Schantz offers a solution to wave-particle duality by arguing that electromagnetic fields and energy are distinct phenomena instead of treating them as two aspects of the same thing. “Fields guide energy” in Schantz’s view. “As waves interfere, they guide energy along paths that may be substantially different from the trajectories of the waves themselves.” Schantz’s entirely classical perspective appears remarkably similar to the “pilot-wave” theory of quantum mechanics.

Schantz’s approach to electromagnetic theory focuses on the balance between electric and magnetic energy. When there are equal amount of electric and magnetic energy, energy moves at the speed of light. As the ratio shifts away from an equal balance, energy slows down, coming to a rest in the limit of electrostatic or magnetic static fields. From this observation, Schantz derives a way to quantify the state of the electromagnetic field on a continuum between static and radiation fields, and ties this directly to the energy velocity.

“The fascinating result is that fields guide energy in a way exactly analogous to the way in which pilot waves guide particles in the Bohm-deBroglie theory,” Schantz explains. “Rather than an ad hoc approach to explain away the contradictions of quantum mechanics, pilot wave theory appears to be the natural application of classical electromagnetic ideas in the quantum realm.”

His solution to the “two slit” experiment that has perplexed generations of physicists?

“Fields behave like waves. When they interact with the two slits, they generate an interference pattern. The interference pattern guides a photon along a path to one of the screen. It’s not the photon interfering with itself. It’s the interfering waves guiding the photon.”

So which slit did the photon pass through?

“If the photon ends up on the left hand side of the screen, it went through the left slit. If it ends up on the right hand side of the screen, it went through the right slit. It really is that simple.”

Schantz applied these electromagnetic ideas to understand and explain how antennas work in his textbook, The Art and Science of Ultrawideband Antennas (Artech House 2015). He’s also co-founder and CTO of Q-Track Corporation, a company that applies near-field wireless to the challenging problem of indoor location. “There are things you can do with low-frequency long-wavelength signals that simply aren’t possible with conventional wireless systems,” Schantz explains. “Understanding how static or reactive energy transforms into radiation has direct applications to antenna design as well near-field wireless systems.”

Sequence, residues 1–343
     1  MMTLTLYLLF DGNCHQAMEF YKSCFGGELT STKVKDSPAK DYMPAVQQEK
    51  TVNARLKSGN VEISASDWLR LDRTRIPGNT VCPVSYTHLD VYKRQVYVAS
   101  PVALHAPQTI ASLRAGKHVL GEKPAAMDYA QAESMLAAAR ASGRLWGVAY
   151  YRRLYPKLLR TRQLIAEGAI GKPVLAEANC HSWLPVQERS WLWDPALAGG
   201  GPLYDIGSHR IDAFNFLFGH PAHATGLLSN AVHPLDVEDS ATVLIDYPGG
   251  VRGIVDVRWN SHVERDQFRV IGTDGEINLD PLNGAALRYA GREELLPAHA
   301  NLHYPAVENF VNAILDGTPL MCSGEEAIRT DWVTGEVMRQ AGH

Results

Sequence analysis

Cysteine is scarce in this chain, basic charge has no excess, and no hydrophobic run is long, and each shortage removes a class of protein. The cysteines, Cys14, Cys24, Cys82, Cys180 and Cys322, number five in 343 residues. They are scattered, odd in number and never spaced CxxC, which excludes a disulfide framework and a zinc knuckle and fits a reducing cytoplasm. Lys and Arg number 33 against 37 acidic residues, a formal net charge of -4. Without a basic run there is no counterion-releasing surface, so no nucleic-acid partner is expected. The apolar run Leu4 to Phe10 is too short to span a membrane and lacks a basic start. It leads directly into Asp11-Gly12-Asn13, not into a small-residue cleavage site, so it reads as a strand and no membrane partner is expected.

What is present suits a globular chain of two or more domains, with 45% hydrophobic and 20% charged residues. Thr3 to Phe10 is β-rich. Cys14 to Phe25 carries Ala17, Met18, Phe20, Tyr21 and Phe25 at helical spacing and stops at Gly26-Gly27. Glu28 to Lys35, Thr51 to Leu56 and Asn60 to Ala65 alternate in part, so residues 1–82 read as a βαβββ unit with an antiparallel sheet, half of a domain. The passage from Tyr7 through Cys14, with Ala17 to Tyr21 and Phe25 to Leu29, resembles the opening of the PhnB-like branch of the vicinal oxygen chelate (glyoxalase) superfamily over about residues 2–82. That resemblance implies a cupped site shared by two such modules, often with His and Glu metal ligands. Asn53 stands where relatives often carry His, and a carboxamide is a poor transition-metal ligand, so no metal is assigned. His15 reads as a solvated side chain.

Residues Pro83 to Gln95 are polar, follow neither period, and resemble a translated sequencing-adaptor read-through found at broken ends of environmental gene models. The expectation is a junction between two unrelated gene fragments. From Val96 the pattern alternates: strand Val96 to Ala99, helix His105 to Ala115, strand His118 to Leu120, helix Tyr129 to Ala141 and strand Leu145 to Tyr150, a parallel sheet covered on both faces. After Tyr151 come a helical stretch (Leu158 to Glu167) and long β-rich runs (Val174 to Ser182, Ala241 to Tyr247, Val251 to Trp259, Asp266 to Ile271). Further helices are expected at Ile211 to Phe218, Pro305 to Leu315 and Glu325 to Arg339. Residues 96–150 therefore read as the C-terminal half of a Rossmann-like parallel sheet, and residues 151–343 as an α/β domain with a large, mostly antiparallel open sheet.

Schantz chose an unconventional way of popularizing his ideas. “I was amazed that my electromagnetic perspective was not discovered and adopted over a hundred years ago. It was as if someone had deliberately suppressed the discovery, so I undertook to write a science fiction series based on that premise.” Schantz’s Hidden Truth series debuted in 2016, and he released the third volume in the series, The Brave and the Bold, in October.

Schantz’s next project is a popular treatment of his physics ideas. Edited by L. Jagi Lamplighter Wright, Schantz’s book Fields: The Once and Future Theory of Everything will appear in 2019.

Click the title of this post to see the interactive simulation.

Introduction

The display above shows, from three different physical perspectives, the orbit of a low-mass test particle, the small red circle, around a non-rotating black hole (represented by a grey circle in the panel at the right), where the radius of the circle is the black hole’s gravitational radius, or event horizon. Kepler’s laws of planetary motion, grounded in Newton’s theory of gravity, state that the orbit of a test particle around a massive object is an ellipse with one focus at the centre of the massive object. But when gravitational fields are strong, as is the case for collapsed objects like neutron stars and black holes, Newton’s theory is inaccurate; calculations must be done using Einstein’s theory of General Relativity.

In Newtonian gravitation, an orbit is always an ellipse. As the gravitating body becomes more massive and the test particle orbits it more closely, the speed of the particle in its orbit increases without bound, always balancing the gravitational force. For a black hole, Newton’s theory predicts orbital velocities greater than the speed of light, but according to Einstein’s Special Theory of Relativity, no material object can achieve or exceed the speed of light. In strong gravitational fields, General Relativity predicts orbits drastically different from the ellipses of Kepler’s laws. This article allows you to explore them.

The Orbit Plot

The panel at the right of the animation shows the test mass orbiting the black hole, viewed perpendicular to the plane of its orbit. The path of the orbit is traced by the green line. After a large number of orbits the display will get cluttered; just click the mouse anywhere in the right panel to erase the path and start over. When the test mass reaches its greatest distance from the black hole, a yellow line is plotted from the centre of the black hole to that point, the apastron of the orbit. In Newtonian gravity, the apastron remains fixed in space. The effects of General Relativity cause it to precess. You can see the degree of precession in the displacement of successive yellow lines (precession can be more than 360°; the yellow line only shows precession modulo one revolution).

The Gravitational Effective-Potential